On the international scene permanence is a more vital component of occupation. Transition Heathrow is a multi-faceted squatting movement that has sprouted up in an abandoned market garden site in Sipson, a village that has been given its last rites. Rather than jump ship to the fungally-expanding Greater London Metropolitan Area as Heathrow prepares to tarmac over it with its new, third runway, locals have developed the space into a symbol of ‘community resistance to the economic, ecological and democratic crises’. It is an experiment in new models of non-hierarchical organisation and in self-sufficiency. The community has been built around a sustainable ethos that allows it to exist off-grid, to keep its members well fed and to re-green a drab, grey expanse.



Deeper inside the organism that is the London metropolitan area lies the shell of Well-Furnished, an alternative space that stood in resistance to the development of Yet Another Bloody Tesco in East London’s Homerton district. As with Transition Heathrow, Well-Furnished combined ethos with activity, developing into a rich community space running anything from polygender cabaret to yogic rejuvenation classes. It has become a paradigm for bottom-up regeneration.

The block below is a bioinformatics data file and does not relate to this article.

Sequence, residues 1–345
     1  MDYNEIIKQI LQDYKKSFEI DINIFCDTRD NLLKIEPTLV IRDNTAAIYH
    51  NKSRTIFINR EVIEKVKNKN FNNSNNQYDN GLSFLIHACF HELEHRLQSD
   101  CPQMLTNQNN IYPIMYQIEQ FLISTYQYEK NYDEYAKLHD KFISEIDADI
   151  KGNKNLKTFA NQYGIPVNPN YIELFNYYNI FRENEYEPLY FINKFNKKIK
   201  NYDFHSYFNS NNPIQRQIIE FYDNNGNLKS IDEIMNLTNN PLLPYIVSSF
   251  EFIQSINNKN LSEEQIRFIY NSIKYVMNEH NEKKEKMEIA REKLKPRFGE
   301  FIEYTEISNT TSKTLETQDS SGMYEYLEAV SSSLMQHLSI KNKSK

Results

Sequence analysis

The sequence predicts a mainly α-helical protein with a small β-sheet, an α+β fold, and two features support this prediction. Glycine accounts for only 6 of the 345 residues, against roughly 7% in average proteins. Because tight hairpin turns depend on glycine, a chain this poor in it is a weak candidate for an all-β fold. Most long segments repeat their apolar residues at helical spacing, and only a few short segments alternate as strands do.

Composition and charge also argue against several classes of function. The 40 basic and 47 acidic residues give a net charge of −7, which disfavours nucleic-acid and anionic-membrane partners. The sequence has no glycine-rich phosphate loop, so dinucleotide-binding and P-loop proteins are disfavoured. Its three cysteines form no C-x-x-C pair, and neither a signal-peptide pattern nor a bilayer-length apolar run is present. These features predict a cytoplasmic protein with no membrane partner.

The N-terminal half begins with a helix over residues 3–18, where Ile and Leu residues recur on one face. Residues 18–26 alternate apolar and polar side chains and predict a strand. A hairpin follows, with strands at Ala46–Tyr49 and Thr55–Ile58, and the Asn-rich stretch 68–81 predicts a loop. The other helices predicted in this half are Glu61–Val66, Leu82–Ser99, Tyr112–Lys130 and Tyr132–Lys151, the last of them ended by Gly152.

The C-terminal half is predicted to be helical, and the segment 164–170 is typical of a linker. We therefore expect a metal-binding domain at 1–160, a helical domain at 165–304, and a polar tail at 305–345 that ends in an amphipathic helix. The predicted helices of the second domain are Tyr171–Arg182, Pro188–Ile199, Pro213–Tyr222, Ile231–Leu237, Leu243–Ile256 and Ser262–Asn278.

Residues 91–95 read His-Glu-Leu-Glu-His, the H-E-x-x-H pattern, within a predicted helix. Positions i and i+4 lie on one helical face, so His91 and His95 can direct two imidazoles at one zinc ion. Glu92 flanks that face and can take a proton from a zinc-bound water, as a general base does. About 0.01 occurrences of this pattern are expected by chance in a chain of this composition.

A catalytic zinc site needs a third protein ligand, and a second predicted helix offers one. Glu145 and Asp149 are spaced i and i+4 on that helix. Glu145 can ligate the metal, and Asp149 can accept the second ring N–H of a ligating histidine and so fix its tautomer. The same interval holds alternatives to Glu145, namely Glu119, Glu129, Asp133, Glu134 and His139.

‘I don’t think it’s our role as activist communities to provide social space (or other services) to wider society,’ an author rails in a 1998 zine titled (ironically?) Direct Action Against Apathy. ‘That’s not to say that our actions and spaces cannot have an impact outside of our own political and social circles.’ For a movement founded on solidarity, squatting communities can err towards the insular, away from the evangelical. It is difficult to see beyond this drop-out complex as painfully adolescent.

What Transition Heathrow and Well-Furnished offer is a conscientious, inclusive and attainable alternative vision: they have not only chosen a battle worth fighting, but thought through the tactics necessary to win it. If, as noted earlier, our battleground is taking back ownership of the ‘principles of social justice’, what Dublin needs next is a well-stocked barracks.

Words: Daniel Gray

Photos: Steve O’Connor